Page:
History of Panama Canal

Essay by Smonkey January 2006

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The popular acclaim that carried Teddy Roosevelt to the governorship of New York didn't stop there. In 1900, Republicans nominated Teddy as President McKinley's running mate. McKinley won a second term, and Teddy was sworn in as vice-president. Six months later, an assassin's bullet killed McKinley. At age 42, Theodore Roosevelt became the nation's youngest president.

Roosevelt assumed the office with the same vigor with which he charged up Kettle Hill. A long believer in Captain Mahan's theory of sea power, Roosevelt began to revitalize the navy. Now that America's empire stretched from the Caribbean across the Pacific, the old idea of a canal between the two oceans took on new urgency. Mahan had predicted that "the canal will become a strategic center of the most vital importance," and Teddy agreed.

"The canal," Roosevelt said, "was by far the most important action I took in foreign affairs during the time I was President.

When nobody could or would exercise efficient authority, I exercised it."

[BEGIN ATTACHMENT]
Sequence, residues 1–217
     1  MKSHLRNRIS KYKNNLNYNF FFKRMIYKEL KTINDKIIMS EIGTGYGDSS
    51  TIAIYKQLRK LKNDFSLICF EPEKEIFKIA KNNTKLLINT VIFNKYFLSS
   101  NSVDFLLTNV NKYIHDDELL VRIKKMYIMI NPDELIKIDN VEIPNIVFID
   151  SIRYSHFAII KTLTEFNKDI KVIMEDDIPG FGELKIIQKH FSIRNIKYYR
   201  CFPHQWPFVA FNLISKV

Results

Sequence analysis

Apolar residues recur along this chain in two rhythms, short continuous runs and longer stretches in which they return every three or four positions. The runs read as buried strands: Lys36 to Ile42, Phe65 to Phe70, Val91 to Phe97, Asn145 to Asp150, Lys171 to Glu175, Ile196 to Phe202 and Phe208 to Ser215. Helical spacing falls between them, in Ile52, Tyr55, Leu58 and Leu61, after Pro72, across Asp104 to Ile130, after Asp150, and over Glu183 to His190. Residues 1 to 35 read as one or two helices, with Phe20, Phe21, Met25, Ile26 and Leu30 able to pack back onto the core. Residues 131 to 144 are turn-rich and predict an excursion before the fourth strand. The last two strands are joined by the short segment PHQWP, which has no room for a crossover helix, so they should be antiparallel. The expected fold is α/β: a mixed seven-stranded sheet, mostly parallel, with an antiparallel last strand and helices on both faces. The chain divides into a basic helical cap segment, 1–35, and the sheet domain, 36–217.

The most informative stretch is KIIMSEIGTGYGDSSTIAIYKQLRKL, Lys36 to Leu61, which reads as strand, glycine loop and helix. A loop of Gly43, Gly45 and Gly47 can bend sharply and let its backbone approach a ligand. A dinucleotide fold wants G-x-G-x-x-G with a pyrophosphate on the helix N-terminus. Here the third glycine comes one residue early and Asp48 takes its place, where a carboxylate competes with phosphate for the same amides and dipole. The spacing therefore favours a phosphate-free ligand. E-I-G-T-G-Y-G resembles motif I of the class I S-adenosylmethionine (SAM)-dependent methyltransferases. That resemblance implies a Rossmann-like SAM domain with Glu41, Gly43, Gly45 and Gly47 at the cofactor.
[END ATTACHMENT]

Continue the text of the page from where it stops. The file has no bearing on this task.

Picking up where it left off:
Abandoned French machinery

in Panama, c. 1910-1914

Joining the Waters

In 1878 Ferdinand de Lesseps, the French engineer who built the Suez Canal, began to dig a canal across the Isthmus of Panama, which was then part of Colombia. Tropical disease and engineering problems halted construction on the canal, but a French business (the New Panama Canal Company) still held the rights to the project. Roosevelt agreed to pay $40 million for the rights, and he began to negotiate with Colombia for control of the land. He offered $10 million for a fifty-mile strip across the isthmus. Colombia refused.

"We were dealing with a government of irresponsible bandits," Roosevelt stormed. "I was prepared to . . . at once occupy the Isthmus anyhow, and proceed to dig the canal. But I deemed it likely that there...